Current role of gallium scan and magnetic resonance imaging in the management of mediastinal Hodgkin lymphoma

M. D. Gasparini, L. Balzarini, M. R. Castellani, J. D T Tess, L. S. Maffioli, R. Petrillo, E. Ceglia, R. Musumeci, G. L. Buraggi

Research output: Contribution to journalArticlepeer-review


Background. A residual mediastinal mass after treatment represents a common diagnostic problem in the management of patients with Hodgkin lymphoma (HD). Conventional diagnostic radiology, computed tomography (CT), or ultrasonography (US) do not adequately reflect changes as fibrosis or necrosis. Gallium-67 ( 67Ga) imaging has been proven to be useful for the evaluation of HD in the mediastinum. The authors compared the ability of gallium scan and magnetic resonance imaging (MRI) to evaluate the mediastinal disease in the follow-up of patients with HD. Methods. Thirty-four patients previously treated for HD were investigated with gallium scan, MRI, and all the other investigations to evaluate the mediastinal region. Sixteen patients were in restaging after treatment, and 18 were investigated for suspected radiologic recurrence in the mediastinum (follow-up, 9-75 months). The results of gallium scan and MRI were matched with clinical findings during the follow-up. Results. A sensitivity of 85.7% for 67Ga and 92.8% for MRI was found, while the specificity was 100% for the scan and 80.6% for MRI. The predictive positive value that resulted was 100% for 67Ga and 68.4% for MRI. Conclusions. Both examinations were accurate in assessing the activity of residual masses in the mediastinum after treatment. 67Ga showed a lower sensitivity in comparison with MRI, but 67Ga frequently overestimates the presence of pathologic tissue. The authors acknowledge the complementary role of these two tests, but if only one of these examinations can be performed for logistic or economic reasons, then gallium scan represents the single most adequate diagnostic procedure.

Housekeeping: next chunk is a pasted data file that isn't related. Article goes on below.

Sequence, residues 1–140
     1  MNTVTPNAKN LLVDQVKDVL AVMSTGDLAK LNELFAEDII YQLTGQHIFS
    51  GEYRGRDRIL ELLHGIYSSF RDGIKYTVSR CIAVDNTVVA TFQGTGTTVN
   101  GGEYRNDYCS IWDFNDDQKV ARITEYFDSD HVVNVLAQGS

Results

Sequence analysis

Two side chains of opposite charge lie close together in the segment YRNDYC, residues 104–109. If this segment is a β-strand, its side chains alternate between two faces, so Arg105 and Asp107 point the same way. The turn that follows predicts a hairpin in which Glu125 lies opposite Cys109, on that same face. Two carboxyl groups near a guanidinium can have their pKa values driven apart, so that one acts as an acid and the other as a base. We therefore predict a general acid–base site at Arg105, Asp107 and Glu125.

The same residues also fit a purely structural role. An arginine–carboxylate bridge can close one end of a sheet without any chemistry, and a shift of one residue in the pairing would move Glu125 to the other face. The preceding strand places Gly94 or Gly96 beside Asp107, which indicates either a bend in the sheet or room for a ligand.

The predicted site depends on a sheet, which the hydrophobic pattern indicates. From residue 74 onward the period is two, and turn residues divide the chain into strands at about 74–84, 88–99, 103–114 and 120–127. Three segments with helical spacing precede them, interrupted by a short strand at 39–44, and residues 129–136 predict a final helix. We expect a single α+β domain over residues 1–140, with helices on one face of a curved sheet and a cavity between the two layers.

Original languageEnglish
Pages (from-to)577-582
Number of pages6
Issue number2
Publication statusPublished - 1993


  • gallium-67 scan
  • Hodgkin lymphoma
  • imaging
  • magnetic resonance imaging

ASJC Scopus subject areas

  • Cancer Research
  • Oncology


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